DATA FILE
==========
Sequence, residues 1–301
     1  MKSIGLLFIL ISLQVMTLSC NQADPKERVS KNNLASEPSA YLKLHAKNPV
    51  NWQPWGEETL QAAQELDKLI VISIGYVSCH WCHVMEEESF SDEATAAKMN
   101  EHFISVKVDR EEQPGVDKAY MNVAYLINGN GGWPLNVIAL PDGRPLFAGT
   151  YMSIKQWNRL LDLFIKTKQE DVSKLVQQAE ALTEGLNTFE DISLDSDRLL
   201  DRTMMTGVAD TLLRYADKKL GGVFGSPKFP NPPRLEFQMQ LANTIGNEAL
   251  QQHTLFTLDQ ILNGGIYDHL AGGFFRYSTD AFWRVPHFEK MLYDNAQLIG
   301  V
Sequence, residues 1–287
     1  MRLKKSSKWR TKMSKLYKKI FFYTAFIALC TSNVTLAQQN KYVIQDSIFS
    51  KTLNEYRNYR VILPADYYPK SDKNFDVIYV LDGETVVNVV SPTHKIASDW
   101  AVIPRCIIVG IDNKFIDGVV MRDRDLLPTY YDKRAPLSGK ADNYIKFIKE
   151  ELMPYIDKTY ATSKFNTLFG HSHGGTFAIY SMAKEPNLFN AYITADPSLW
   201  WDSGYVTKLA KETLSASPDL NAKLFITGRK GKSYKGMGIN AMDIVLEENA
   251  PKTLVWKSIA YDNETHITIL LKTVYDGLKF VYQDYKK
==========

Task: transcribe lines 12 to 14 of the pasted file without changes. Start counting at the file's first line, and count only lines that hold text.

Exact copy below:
   101  AVIPRCIIVG IDNKFIDGVV MRDRDLLPTY YDKRAPLSGK ADNYIKFIKE
   151  ELMPYIDKTY ATSKFNTLFG HSHGGTFAIY SMAKEPNLFN AYITADPSLW
   201  WDSGYVTKLA KETLSASPDL NAKLFITGRK GKSYKGMGIN AMDIVLEENA